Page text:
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DEC agencies respond to crisis in Somalia

20 July 2011

Disasters Emergency Committee (DEC) member agencies are continuing to scale up their work in south and central Somalia in response to what the United Nations (UN) has now recognised as the first famine in the region since that in south Sudan in 1998.

 The UN declared a famine this morning in the regions of Bakool and Lower Shabelle with other areas expected to follow as more information becomes available and the situation continues to deteriorate.

The UN said malnutrition (GAM) has exceeded 30% in some areas. A level of 15% is considered an emergency, with 30% or more being one of the indicators of famine. In addition, the areas concerned have met another grim indicator of famine - more than two people in 10,000 are dying each day.

Ten of the 14 agencies that make up the DEC are working in Somalia directly or through partners, including in some cases in the south or centre of the country.

DEC member agencies and their partners operate under strict rules of humanitarian impartiality and independence to ensure continued safe access to as many people in need of help as possible but the situation in Somalia is exceptionally challenging.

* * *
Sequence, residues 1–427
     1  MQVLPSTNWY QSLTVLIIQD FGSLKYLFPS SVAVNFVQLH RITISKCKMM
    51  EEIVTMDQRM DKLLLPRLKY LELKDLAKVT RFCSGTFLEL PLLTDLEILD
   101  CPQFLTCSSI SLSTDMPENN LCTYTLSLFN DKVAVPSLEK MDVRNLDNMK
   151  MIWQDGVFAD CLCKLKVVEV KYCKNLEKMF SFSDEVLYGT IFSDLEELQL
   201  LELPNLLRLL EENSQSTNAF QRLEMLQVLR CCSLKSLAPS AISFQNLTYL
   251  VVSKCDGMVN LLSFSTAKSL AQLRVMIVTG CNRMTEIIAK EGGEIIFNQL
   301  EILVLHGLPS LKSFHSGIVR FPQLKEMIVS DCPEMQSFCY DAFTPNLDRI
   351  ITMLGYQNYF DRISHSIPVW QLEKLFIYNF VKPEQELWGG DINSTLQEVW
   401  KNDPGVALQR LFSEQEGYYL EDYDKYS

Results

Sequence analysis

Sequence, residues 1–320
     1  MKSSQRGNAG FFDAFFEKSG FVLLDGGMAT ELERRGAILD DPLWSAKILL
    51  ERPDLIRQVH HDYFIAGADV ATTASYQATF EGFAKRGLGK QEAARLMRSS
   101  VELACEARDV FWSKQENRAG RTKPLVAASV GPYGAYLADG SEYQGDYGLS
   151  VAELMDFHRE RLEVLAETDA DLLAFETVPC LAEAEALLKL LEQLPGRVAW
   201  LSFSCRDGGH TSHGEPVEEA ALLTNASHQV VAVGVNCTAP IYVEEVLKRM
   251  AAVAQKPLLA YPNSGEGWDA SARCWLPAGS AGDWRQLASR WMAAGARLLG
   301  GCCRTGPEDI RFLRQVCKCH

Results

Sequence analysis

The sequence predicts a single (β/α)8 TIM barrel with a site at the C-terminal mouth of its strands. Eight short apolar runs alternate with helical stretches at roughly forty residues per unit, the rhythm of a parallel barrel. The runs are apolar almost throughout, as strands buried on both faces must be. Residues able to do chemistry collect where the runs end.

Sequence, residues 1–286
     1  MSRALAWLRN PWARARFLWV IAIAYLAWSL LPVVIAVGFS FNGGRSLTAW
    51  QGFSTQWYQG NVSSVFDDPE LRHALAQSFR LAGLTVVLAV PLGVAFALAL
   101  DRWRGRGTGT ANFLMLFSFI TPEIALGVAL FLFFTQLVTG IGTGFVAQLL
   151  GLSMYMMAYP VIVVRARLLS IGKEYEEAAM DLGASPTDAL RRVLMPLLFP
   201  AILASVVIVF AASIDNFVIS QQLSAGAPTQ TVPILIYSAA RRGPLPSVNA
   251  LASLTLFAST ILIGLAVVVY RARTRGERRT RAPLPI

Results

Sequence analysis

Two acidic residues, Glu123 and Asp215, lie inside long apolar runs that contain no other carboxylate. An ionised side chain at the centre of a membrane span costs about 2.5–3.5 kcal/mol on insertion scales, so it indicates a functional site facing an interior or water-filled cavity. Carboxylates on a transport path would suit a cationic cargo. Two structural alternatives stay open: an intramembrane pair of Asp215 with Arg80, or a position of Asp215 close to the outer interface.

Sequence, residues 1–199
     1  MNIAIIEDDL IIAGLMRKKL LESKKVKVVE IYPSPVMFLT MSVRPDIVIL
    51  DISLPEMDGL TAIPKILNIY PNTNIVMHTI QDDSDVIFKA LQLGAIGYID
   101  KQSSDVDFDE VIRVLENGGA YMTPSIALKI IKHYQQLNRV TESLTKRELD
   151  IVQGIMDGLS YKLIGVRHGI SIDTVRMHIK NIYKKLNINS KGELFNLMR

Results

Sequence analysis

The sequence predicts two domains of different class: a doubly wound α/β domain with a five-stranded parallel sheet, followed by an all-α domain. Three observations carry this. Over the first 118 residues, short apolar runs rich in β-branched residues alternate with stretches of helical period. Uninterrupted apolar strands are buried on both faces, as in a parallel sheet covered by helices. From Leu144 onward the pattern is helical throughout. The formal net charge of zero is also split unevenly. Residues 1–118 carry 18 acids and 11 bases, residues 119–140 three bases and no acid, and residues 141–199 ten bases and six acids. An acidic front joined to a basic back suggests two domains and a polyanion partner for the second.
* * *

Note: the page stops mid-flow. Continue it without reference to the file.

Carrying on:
Disasters Emergency Committee Chief Executive Brendan Gormley said:

"Access to south and central Somalia has long been very difficult but was never impossible. Following an announcement that restrictions in the area would be eased our member agencies have been seeking to build on their existing work to reach more of those worst affected by the famine.

"Today's announcement makes clear quite how critical those efforts will be if we are to avoid deaths on a massive scale. If we can increase the number of people we are reaching at the epicentre of this catastrophe we can still save many lives."

The humanitarian crisis in Somalia has been caused by a combination of factors including severe drought, rising food and fuel prices, chronic poverty and conflict.

The United Nations has called for aid agencies to increase their work in Somalia to ensure help gets to those who need it. This followed last week's announcement by one party to the conflict that it easing access to foreign agencies working in the areas it controls.

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